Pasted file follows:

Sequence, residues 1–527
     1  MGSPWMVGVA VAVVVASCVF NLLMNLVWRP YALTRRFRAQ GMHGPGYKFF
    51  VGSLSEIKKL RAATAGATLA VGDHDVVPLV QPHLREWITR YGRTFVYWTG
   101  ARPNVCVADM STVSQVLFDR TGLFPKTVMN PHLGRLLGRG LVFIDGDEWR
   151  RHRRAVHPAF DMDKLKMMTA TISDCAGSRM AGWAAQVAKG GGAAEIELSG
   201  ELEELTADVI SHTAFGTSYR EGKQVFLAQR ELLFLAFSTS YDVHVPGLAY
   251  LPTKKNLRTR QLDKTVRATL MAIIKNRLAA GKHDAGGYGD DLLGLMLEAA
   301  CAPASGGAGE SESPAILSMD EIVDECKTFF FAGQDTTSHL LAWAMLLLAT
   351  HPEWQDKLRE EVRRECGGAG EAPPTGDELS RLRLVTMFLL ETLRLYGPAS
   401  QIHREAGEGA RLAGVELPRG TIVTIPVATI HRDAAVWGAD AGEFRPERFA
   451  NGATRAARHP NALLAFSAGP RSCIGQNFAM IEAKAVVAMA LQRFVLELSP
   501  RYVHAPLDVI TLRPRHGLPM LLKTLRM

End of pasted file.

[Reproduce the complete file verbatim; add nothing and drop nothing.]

Sequence, residues 1–527
     1  MGSPWMVGVA VAVVVASCVF NLLMNLVWRP YALTRRFRAQ GMHGPGYKFF
    51  VGSLSEIKKL RAATAGATLA VGDHDVVPLV QPHLREWITR YGRTFVYWTG
   101  ARPNVCVADM STVSQVLFDR TGLFPKTVMN PHLGRLLGRG LVFIDGDEWR
   151  RHRRAVHPAF DMDKLKMMTA TISDCAGSRM AGWAAQVAKG GGAAEIELSG
   201  ELEELTADVI SHTAFGTSYR EGKQVFLAQR ELLFLAFSTS YDVHVPGLAY
   251  LPTKKNLRTR QLDKTVRATL MAIIKNRLAA GKHDAGGYGD DLLGLMLEAA
   301  CAPASGGAGE SESPAILSMD EIVDECKTFF FAGQDTTSHL LAWAMLLLAT
   351  HPEWQDKLRE EVRRECGGAG EAPPTGDELS RLRLVTMFLL ETLRLYGPAS
   401  QIHREAGEGA RLAGVELPRG TIVTIPVATI HRDAAVWGAD AGEFRPERFA
   451  NGATRAARHP NALLAFSAGP RSCIGQNFAM IEAKAVVAMA LQRFVLELSP
   501  RYVHAPLDVI TLRPRHGLPM LLKTLRM